BYOD Policy at Work? How's Your Mobile Signal?
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Have a BYOD Policy at Work? You’re Going to Need a Reliable Mobile Signal

  • a couple of years ago

Bring-Your-Own-Device (BYOD) has become a commonly discussed concept in enterprise organisations, but we’re yet to see widespread adoption; however, the trends are all suggesting that the next few years might see that change.

A 2017 study by Cisco found that 69% of IT decision-makers were in favour of BYOD, and research conducted by Markets and Markets predicted that the BYOD & Enterprise Mobility Market will be worth $73 billion by 2021.

The Challenges of BYOD

The first is a relinquishing of control.

IT managers, by nature, usually want things locked down, well defined and controlled.  BYOD brings ambiguity.  The employee can literally bring their own stuff into the enterprise, but the technical challenge of controlling and securing the data has been solved to a large degree.

The second challenge is handling the expectation of flexibility – both an expectation by staff members, and by the enterprise as a whole.

Departments do not expect teams to sit in rigid formation, with a hard wire from the network to the individuals’ PC and desk phone. Instead, teams are fluid; with people working with others to get things done in the most efficient way.

Companies Already Using BYOD

The computer game company Valve is an early and maybe an extreme example of what was to come.  In 2013, their employee handbook was leaked onto the web.  It painted a picture of an organisation with no managers and where you chose what you wanted to work on.  This included your desk – which is given to new employees when they join the company – and you can wheel it to wherever you choose, so you can be near the colleagues you need to work with.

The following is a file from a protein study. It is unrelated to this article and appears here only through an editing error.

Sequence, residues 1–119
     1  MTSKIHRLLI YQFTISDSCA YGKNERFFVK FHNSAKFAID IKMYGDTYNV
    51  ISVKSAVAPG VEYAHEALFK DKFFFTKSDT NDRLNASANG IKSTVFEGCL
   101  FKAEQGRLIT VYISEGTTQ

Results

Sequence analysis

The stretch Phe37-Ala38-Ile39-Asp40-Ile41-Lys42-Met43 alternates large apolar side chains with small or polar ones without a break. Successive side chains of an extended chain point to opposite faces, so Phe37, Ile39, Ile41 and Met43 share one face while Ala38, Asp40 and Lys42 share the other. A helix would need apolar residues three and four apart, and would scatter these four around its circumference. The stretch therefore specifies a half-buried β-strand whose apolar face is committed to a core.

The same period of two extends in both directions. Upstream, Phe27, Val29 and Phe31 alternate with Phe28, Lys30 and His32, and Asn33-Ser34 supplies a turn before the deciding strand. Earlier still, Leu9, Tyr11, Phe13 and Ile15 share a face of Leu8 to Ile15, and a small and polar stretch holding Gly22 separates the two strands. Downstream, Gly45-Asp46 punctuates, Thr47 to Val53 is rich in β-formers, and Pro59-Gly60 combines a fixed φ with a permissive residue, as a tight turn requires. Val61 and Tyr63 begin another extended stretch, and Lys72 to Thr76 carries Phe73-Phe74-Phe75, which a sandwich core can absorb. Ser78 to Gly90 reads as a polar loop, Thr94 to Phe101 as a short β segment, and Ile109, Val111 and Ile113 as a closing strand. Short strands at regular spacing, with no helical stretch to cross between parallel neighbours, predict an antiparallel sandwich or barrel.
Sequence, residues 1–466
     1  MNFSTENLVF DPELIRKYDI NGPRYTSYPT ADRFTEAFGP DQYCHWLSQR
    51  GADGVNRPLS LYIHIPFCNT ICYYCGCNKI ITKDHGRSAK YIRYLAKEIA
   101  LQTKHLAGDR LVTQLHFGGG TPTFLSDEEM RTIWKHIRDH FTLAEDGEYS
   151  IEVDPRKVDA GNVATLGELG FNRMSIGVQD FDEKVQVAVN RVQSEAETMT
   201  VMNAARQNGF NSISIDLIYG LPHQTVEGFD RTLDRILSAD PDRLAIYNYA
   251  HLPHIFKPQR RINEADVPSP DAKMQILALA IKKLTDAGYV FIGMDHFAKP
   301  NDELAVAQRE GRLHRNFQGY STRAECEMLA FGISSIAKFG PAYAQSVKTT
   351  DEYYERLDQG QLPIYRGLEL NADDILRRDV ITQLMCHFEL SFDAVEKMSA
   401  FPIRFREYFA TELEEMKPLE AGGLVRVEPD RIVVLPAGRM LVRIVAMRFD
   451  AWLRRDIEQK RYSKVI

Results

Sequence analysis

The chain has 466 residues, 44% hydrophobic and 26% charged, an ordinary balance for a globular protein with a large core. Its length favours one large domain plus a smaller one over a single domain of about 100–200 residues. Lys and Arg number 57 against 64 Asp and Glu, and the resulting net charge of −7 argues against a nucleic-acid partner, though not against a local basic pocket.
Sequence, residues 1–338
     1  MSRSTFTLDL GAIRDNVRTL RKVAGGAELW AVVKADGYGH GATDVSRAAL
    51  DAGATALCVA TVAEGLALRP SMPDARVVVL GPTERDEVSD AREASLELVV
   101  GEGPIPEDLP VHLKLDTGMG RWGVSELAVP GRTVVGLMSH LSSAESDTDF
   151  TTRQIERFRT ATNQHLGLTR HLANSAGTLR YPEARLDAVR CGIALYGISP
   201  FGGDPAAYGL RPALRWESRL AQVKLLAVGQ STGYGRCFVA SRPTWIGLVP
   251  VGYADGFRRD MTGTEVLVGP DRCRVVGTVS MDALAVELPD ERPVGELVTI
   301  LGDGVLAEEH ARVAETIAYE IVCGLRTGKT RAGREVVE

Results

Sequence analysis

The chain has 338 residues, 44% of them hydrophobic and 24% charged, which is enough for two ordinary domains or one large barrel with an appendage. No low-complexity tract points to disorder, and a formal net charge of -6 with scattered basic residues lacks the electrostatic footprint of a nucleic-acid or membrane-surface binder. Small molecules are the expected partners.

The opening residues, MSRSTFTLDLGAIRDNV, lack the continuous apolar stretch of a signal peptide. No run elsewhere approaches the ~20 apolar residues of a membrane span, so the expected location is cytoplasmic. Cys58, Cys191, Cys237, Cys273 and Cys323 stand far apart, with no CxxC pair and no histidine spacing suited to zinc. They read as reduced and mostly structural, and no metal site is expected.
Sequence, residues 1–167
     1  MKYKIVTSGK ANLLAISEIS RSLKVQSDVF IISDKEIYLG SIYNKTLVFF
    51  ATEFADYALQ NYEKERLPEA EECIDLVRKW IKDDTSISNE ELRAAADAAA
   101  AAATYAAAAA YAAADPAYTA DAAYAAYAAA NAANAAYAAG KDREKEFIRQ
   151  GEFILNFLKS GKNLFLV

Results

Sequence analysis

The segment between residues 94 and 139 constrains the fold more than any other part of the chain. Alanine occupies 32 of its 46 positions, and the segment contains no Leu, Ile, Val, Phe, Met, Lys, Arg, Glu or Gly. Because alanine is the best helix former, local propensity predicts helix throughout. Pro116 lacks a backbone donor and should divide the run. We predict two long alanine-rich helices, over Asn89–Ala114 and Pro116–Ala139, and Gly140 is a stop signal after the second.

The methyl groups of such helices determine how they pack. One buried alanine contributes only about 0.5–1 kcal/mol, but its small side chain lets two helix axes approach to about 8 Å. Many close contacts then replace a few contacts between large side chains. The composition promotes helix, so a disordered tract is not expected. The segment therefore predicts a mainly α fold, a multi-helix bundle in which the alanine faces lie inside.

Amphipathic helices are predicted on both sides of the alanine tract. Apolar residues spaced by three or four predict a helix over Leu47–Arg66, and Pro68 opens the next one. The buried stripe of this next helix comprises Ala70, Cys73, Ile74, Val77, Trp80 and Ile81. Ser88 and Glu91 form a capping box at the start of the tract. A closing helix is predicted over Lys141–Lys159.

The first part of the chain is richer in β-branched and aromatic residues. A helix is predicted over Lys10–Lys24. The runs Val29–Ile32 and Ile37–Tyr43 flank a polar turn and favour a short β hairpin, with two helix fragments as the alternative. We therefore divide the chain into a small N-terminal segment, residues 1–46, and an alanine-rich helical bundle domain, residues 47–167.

Microsoft too, have long had seamless 4G connectivity across their five-building campus in Reading.  Whether you’re at your desk, in a coffee shop, in a meeting room or down by the lake, 4G just works.

In the early 2000s, this was achieved by choosing a mobile provider, giving everyone mobile devices with the same provider, and sticking a huge mast on top of the building.  Microsoft could do this because it had the economies of scale and provider relationships to make it happen.

These days that extreme solution isn’t required.  With small-cell technology, seamless 4G in the building from all four mobile providers is a cost-effective solution to enabling a move to BYOD.

And for owners of commercial buildings, this is both a threat and an opportunity.  As more and more commercial tenants expect this connectivity, you can choose to take the early mover advantage or wait until you have no choice.

Need to improve your in-building mobile coverage?

Find out more about how to deliver perfect 4G signal across the four major providers using in-building coverage solutions.

Interested in booking a call with Paul? Get in touch.